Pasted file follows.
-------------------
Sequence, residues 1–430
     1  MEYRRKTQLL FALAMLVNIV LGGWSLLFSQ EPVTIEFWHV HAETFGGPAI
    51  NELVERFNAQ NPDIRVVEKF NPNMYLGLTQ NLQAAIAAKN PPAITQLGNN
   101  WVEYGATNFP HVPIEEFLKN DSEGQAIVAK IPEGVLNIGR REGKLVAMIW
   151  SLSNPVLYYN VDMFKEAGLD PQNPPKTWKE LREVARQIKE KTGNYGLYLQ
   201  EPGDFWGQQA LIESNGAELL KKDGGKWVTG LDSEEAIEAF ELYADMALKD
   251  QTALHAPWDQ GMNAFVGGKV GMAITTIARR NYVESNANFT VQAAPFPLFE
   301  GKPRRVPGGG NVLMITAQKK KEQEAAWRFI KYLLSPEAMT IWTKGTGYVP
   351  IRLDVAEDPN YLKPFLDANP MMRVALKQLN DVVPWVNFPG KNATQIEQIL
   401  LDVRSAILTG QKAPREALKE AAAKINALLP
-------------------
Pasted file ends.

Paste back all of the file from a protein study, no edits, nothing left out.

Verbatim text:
Sequence, residues 1–430
     1  MEYRRKTQLL FALAMLVNIV LGGWSLLFSQ EPVTIEFWHV HAETFGGPAI
    51  NELVERFNAQ NPDIRVVEKF NPNMYLGLTQ NLQAAIAAKN PPAITQLGNN
   101  WVEYGATNFP HVPIEEFLKN DSEGQAIVAK IPEGVLNIGR REGKLVAMIW
   151  SLSNPVLYYN VDMFKEAGLD PQNPPKTWKE LREVARQIKE KTGNYGLYLQ
   201  EPGDFWGQQA LIESNGAELL KKDGGKWVTG LDSEEAIEAF ELYADMALKD
   251  QTALHAPWDQ GMNAFVGGKV GMAITTIARR NYVESNANFT VQAAPFPLFE
   301  GKPRRVPGGG NVLMITAQKK KEQEAAWRFI KYLLSPEAMT IWTKGTGYVP
   351  IRLDVAEDPN YLKPFLDANP MMRVALKQLN DVVPWVNFPG KNATQIEQIL
   401  LDVRSAILTG QKAPREALKE AAAKINALLP